Image owned by HBO and from Hindustan Times (Arya Stark and The Hound face an army of darkness)
No one is going to be perfectly alright with how the battle of Winterfell turned out.
Initially, after watching it and letting the impact wash over me like the literal undead waves, I thought it was one of the strongest episodes I’ve seen thus far. In hindsight, this was not quite the episode we and by extension, I was promised.
What I can say that “The Long Night” perfects is of vicariously experiencing a nightmare. There have been nightmarish moments before in Game of Thrones, more than a few. Season 5’s Hardhome gave us a horrific preview of what fighting the dead would be like. They are no less unrelenting and terrifying four years later.
There will be plenty, perhaps too many moments in this episode which will be picked apart for not being as intelligent or well written as it should’ve, dare I say, must have been. The execution of what does happen is frightfully good, for the most part.
A muster of horses rode by the fearless Dothraki charge with flaming swords towards a pitch black mass. The feeling of dread yet hope that this initial charge will do a good number on the White Walker army is as palpable as you can imagine. Soon, faster than you think, the lights of their flaming swords dim and fade to nothing. That we cannot see how they die is all that we need.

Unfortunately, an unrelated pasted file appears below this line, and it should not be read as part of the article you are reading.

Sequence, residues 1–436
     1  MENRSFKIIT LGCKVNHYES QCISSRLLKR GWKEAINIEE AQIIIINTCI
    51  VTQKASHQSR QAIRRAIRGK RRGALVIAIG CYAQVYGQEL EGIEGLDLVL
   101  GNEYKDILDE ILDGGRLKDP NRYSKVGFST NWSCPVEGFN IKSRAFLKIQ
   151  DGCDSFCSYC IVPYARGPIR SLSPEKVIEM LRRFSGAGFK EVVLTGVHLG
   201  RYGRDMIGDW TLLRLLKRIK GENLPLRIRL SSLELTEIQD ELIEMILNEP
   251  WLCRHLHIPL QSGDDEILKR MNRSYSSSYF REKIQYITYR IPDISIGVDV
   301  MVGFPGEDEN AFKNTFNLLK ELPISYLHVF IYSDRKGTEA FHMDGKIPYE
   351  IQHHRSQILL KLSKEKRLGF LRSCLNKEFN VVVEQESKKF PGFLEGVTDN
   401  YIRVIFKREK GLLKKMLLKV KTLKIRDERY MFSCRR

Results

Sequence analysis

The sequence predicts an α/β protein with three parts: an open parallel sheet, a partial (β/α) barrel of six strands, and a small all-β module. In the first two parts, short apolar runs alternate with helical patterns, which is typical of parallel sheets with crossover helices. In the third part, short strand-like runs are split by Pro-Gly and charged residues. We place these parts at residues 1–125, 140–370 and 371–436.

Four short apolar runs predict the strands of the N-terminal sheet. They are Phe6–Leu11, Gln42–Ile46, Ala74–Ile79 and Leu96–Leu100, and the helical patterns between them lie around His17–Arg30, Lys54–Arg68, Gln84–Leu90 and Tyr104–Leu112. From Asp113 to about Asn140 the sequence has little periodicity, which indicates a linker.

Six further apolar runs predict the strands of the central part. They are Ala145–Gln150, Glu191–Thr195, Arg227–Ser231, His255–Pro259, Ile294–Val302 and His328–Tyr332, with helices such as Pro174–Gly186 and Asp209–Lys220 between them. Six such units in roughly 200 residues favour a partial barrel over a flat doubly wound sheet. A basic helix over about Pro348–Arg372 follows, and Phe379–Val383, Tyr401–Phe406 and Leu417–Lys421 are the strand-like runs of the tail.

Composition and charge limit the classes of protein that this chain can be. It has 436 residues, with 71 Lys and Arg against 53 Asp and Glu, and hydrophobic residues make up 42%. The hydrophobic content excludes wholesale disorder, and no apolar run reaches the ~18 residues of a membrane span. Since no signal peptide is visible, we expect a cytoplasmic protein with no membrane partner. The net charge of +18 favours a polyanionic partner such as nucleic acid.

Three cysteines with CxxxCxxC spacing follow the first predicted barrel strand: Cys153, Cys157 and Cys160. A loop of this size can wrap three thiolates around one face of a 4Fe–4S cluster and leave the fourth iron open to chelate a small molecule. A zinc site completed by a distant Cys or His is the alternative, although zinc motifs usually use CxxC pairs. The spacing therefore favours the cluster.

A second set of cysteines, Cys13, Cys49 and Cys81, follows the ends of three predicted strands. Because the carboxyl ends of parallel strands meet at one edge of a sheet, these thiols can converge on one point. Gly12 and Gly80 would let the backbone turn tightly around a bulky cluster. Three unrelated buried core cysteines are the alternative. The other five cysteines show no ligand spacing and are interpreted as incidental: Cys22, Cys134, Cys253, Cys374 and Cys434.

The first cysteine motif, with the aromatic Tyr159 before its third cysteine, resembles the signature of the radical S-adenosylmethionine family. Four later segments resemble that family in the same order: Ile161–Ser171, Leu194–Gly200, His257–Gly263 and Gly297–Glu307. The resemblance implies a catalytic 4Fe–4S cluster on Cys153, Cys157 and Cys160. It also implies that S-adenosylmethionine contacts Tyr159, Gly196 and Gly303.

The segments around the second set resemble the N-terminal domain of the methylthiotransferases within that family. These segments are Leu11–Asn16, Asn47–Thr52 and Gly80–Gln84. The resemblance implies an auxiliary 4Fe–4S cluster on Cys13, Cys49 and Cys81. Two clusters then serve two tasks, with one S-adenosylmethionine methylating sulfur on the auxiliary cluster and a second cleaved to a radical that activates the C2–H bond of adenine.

There has been much derision over the “poor” lighting of the episode, that we cannot clearly see what is happening during the battle, especially before Dany and Jon brighten things up considerably with the dragons. Yes, not knowing exactly how our heroes are doing can be annoying, but I think a big aspect of this fight is being severely overlooked.
This is a battle at night, against an army that is led by someone literally called the Night King. The lack of visuals in the fight is meant to confuse, scare and make you wonder how it is even possible for anyone to survive. What I am saying is that the lack of lighting was intentional to better highlight the dragon breath, gold and blue, and to be far more realistic in comparisons to the “Hollywood” night light source we are all so familiar with.